According to research, there are, on average, 160 households facing court eviction in California on a yearly basis. While some of these evictions may be unfair, others are necessary. This is because the tenant is not complying with the rules set out in the contract (lease) created between the landlord and the tenant. But, what do you do when you have a nightmare tenant? Here are 4 things you should know about California evictions if you are a landlord. 

 

4 things to know about California evictions

 

1. Make Sure Your Reason for Evicting Your Tenants is Valid

There are plenty of reasons you may want to evict your tenants. These could include:

  • Refusal to pay rent
  • Disruption to neighbors
  • Damage to the property
  • Issues with the security deposit
  • Inability to pay the utility bills

You may also find that your tenants are not using your home legally. For example, they may make alterations to your home without informing you first. 

Whatever the reason for evicting them, make sure it is valid. Also, do not take matters into your own hands. If you do, they may be able to sue you.

2. Serve Your Tenants with a Legal Notice

Before you serve your tenants with a legal notice, try and resolve the issue. If you cannot resolve the situation peacefully, then you can take legal action. Your notice to the tenant should include:

  • Your name, address, and phone number
  • The date of the legal notice
  • The name and address of the tenant
  • Proof of service of the notice
  • Your signature

The notice you give your tenant will depend on the amount of time they have lived in the property. For a month-to-month lease, typically you can give 30 days notice. For a tenant who has been in the property for more than a year, you must give them 60 days notice. 

3. Wait the Appropriate Time Before Filing a Lawsuit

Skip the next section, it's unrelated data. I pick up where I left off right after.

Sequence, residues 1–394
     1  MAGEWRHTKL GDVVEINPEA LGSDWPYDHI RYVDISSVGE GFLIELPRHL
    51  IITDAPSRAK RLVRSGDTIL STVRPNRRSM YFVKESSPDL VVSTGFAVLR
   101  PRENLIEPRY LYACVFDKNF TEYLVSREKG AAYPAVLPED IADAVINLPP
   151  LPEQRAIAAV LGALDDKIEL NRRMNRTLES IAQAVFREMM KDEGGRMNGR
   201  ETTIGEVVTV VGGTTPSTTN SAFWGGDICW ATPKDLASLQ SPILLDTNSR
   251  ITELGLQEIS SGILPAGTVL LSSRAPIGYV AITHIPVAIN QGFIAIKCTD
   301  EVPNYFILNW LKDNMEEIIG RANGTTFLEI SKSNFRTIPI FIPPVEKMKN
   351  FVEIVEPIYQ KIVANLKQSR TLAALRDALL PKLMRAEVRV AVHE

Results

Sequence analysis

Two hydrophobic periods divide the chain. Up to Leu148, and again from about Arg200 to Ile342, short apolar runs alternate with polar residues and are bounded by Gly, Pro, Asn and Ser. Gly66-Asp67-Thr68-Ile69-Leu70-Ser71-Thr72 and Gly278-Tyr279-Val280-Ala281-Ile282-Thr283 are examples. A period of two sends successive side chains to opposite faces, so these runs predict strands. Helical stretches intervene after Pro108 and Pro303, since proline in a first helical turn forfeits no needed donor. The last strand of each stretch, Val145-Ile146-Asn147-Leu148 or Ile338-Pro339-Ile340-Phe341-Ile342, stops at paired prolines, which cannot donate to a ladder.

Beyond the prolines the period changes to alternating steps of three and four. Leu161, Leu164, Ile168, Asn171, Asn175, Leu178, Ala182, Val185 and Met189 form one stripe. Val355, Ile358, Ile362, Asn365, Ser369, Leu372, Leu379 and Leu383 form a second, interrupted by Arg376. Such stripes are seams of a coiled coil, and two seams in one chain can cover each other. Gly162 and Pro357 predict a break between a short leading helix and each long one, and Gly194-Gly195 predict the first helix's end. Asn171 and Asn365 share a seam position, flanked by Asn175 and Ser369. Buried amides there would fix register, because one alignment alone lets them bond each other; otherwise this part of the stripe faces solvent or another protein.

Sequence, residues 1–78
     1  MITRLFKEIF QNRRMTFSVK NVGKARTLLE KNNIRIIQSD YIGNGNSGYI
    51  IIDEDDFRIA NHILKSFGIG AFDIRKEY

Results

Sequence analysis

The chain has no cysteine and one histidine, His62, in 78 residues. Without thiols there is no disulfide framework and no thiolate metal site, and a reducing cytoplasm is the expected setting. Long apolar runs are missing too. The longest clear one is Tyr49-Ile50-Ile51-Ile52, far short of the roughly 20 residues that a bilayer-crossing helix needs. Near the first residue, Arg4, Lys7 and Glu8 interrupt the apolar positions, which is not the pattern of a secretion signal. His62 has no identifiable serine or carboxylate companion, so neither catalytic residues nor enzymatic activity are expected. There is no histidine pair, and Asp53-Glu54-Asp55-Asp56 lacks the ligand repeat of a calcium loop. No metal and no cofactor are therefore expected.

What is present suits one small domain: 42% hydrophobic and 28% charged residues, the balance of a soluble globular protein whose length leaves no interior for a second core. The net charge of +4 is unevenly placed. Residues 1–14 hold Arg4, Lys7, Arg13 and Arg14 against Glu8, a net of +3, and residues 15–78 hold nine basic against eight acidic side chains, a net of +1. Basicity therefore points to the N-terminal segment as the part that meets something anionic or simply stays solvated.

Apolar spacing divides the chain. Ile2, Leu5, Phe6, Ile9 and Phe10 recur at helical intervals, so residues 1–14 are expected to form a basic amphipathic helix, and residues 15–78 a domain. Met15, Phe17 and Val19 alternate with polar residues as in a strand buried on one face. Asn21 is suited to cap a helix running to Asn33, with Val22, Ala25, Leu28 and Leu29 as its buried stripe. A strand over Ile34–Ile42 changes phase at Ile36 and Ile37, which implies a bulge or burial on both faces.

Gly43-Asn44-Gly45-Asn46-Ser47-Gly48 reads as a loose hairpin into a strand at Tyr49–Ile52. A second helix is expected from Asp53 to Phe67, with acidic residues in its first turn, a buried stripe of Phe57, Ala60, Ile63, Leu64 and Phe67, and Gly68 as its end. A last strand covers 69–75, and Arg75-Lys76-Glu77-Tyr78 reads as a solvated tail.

When it comes to California evictions, you must stay patient. No matter how bad your tenants are, you cannot file a lawsuit right away or resort to self-help. You must wait for the notice period to expire before you take legal action. 

4. Get All the Right Legal Documents Together

Once the legal notice period is over, you need to get all the right legal documents together to give yourself the best chance of winning your case. In this case, your best option is to work with a local lawyer that specializes in landlord and tenant services. 

The most important documents you will need to go ahead with your complaint include:

  • A Prejudgment Right of Possession Form
  • A Civil Case Cover Sheet
  • Summons
  • An Unlawful Detainer Complaint

Make sure to fill in all these forms as meticulously as you can. They must all be factually correct.

Learn More About California Evictions From the Law Office of Lisa Wills

California evictions can take time, even if the odds are on your side. From the moment you file your legal documents, it can take two months or more to go ahead with the eviction.

With this in mind, it is essential that you work with the right lawyer so that you can start the process as quickly as possible. If you arre in Livermore, San Ramon, Danville, Dublin, Castro Valley, Hayward, or Pleasanton, contact Lisa D. Wills of the Law Offices of Lisa Wills. 

One of our friendly team members will be happy to run you through the process of how we can help you win your case. 

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